Whether on dirt or pavement, road course or oval, Larson’s prowess reminds today’s fans of Tony Stewart and older fans of the likes of A. J. Foyt, Parnelli Jones and Mario Andretti.
Watkins Glen, N. Y. – Kyle Larson continue to dazzle the racing community and fans with his skills and accomplishments. Also, his busy travel schedule often tires out many but being only 21 years of age, he can do things that others can only dream about. So far in 2013, he’s driven midgets, winged and non-winged sprint cars, late models and on the NASCAR side of the house, he competes full-time in the Nationwide Series and occasionally in the Camping World Truck Series.
As a development driver for Earnhardt Ganassi Racing, Larson’s future looks to be extremely bright and some believe he will move up to the Sprint Cup Series in next year or two. In meantime, he keeps on the move. This week he’s raced winged and wingless sprint cars in Iowa, finishing second in the Oskaloosa race where Tony Stewart was injured. Qualifying for the famed Knoxville Nationals turned out to be a challenge, and he had to depart Watkins Glen after only a few laps of practice to fly back to Knoxville. The flight turned out to be a good investment as he powered to victory in a 30-lap qualifying race, earning a starting spot in Saturday night’s lucrative 50-lap A main where he came away with a sixth-place finish.
Commenting on his season to date, Larson said, “We were quick at the beginning of the year but then I was getting caught up in accidents (including the multi-car dizzying crash at Daytona) or something would happen to our car. For the last couple of months, it has been pretty good as we have been more consistent. That has gotten us up in the point standings, so now I think we are doing pretty well.”
Growing up on dirt tracks, Larson had nominal exposure to pavement racing and no experience with road courses until recently. To prep for the Nationwide Series races at Road America, Mid-Ohio and Watkins Glen, the California native and a handful of other drivers signed-up for the Ron Fellows Performance Driving School. While there, Larson proved to be quick learner, and he displayed his new-found skills during his road-racing debut at Road America a month ago.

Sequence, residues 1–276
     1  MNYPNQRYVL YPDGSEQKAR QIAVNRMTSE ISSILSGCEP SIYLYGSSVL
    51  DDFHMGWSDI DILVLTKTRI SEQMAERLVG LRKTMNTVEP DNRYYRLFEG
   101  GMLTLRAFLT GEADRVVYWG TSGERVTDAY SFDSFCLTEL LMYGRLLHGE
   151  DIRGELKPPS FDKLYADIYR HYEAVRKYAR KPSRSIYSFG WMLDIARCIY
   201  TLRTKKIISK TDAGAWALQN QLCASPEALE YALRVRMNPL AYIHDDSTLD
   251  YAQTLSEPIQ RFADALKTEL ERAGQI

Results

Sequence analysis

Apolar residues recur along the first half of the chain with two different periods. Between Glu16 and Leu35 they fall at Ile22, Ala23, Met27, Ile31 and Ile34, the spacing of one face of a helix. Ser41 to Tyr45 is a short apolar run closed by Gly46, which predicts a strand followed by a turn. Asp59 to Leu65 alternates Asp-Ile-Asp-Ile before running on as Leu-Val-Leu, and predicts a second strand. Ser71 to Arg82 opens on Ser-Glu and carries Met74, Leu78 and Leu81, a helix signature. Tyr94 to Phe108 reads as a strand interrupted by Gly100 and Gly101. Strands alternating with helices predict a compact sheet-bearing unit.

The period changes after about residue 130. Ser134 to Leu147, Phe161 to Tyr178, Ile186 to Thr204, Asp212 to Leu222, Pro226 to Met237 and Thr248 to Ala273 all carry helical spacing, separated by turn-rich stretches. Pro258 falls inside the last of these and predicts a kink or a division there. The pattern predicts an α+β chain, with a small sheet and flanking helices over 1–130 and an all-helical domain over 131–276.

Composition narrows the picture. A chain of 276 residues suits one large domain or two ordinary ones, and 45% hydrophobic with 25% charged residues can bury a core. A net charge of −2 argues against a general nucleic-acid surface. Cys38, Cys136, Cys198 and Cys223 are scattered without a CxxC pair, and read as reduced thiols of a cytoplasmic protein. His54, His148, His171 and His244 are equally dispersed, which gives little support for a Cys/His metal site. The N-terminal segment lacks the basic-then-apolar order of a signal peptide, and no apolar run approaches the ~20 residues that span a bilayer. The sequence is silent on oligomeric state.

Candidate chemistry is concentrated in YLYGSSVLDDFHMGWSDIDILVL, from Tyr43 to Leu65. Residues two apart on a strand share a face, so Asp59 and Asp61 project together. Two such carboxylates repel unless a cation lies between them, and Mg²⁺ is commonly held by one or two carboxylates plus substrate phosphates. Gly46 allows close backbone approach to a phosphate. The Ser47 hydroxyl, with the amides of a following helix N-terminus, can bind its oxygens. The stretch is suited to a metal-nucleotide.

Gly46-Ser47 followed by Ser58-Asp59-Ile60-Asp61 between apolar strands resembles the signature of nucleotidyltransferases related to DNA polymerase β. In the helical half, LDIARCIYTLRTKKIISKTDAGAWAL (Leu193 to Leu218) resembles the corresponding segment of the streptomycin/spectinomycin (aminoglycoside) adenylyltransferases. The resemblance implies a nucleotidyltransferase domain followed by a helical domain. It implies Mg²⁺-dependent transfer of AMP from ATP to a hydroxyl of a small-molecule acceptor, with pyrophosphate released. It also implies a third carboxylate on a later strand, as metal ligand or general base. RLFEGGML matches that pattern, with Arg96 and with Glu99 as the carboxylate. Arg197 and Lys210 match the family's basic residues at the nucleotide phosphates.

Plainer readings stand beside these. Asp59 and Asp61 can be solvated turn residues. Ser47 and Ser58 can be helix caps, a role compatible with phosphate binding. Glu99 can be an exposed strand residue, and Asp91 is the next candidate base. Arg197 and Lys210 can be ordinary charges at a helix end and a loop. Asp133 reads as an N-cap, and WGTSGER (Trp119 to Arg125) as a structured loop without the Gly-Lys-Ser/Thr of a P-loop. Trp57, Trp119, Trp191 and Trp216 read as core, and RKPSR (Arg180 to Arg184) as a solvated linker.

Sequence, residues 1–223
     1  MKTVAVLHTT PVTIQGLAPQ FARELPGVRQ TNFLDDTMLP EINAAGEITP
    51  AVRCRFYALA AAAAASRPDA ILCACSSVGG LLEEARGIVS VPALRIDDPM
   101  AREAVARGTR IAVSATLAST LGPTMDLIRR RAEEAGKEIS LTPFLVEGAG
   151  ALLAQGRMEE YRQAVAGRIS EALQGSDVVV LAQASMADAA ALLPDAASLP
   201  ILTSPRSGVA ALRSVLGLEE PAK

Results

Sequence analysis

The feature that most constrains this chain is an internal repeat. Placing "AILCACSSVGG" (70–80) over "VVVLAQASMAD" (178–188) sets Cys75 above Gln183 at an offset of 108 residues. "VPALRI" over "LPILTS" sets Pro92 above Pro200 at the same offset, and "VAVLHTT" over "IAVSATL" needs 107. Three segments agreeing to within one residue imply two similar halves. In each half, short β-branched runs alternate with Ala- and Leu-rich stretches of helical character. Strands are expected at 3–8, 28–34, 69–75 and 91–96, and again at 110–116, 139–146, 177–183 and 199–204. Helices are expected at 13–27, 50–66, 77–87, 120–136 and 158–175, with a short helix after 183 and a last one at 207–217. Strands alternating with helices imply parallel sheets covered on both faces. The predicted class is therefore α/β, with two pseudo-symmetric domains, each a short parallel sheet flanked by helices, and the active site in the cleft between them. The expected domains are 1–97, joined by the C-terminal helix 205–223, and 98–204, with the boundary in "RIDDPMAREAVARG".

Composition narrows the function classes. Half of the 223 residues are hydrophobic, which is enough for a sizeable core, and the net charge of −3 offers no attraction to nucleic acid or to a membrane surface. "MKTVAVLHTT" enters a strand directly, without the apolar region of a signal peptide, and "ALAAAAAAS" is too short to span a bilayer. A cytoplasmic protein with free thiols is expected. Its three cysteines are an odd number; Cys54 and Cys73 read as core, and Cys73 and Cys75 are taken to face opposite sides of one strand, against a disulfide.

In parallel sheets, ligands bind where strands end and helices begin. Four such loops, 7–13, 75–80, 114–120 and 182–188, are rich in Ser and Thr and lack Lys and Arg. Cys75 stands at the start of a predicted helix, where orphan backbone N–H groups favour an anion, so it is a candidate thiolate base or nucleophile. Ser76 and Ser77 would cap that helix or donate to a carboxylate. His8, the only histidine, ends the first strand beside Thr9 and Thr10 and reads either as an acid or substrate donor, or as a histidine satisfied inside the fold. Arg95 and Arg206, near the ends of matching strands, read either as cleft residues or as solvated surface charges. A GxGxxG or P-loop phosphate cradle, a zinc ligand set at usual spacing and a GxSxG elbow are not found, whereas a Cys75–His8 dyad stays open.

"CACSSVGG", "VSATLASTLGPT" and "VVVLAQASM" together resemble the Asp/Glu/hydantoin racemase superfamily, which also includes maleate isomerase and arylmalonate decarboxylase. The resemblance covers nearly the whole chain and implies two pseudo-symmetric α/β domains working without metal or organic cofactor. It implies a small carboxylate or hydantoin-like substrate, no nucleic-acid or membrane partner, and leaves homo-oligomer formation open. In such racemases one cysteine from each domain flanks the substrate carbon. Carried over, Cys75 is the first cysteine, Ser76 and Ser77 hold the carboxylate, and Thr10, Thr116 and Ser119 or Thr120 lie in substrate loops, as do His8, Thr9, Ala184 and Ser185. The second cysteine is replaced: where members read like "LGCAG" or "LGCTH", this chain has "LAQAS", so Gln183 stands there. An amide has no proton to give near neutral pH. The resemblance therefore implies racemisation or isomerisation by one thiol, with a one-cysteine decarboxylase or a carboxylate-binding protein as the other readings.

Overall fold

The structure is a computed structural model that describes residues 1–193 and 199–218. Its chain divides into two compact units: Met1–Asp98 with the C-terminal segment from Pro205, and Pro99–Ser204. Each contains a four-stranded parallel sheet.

According to Fellows, the road-racing guru, Larson displayed a willingness to learn, had notable patience and handled the car well. Also, Fellows was impressed with Larson’s quiet hands and his ability to think and look ahead on the track.
During the Road America race, Larson ran with the front-pack and was a contender as the race wound down. He advanced to fourth at one point only to spin off the track, but he rebounded for a commendable seventh place finish.
“I thought I would do okay but didn’t expect to do as well as I did,” he said. “I got up to fourth before I spun out, but I did manage to get back to seventh. I was pretty proud of that run.” In addition to the driving school, he also used the iRacing models to learn more about the new tracks. I’ve done enough iRacing to prepare me for Watkins Glen. I already know the corners, but I have to get used to the braking zones and shifting patterns.”
Asked if he was concerned about the dangers he faces along with Stewart, he said without hesitation, “That’s what Tony and I love to do, and I think it makes us better race drivers the more we race. I think the teams understand that and know we love to do it.” So far this season, Larson said he has raced 45 times on dirt and expects to do another 15 or so before the year ends.
Whether on dirt or pavement, road course or oval, Larson’s prowess reminds today’s fans of Tony Stewart and older fans of the likes of A. J. Foyt, Parnelli Jones and Mario Andretti – racing every kind of car on any type of track and more likely than not coming home with the winning hardware.
Larson continues to be labeled as a future star and assuming he stays on pace, he will soon be on the main stage to the delight of his ever-increasing fan base.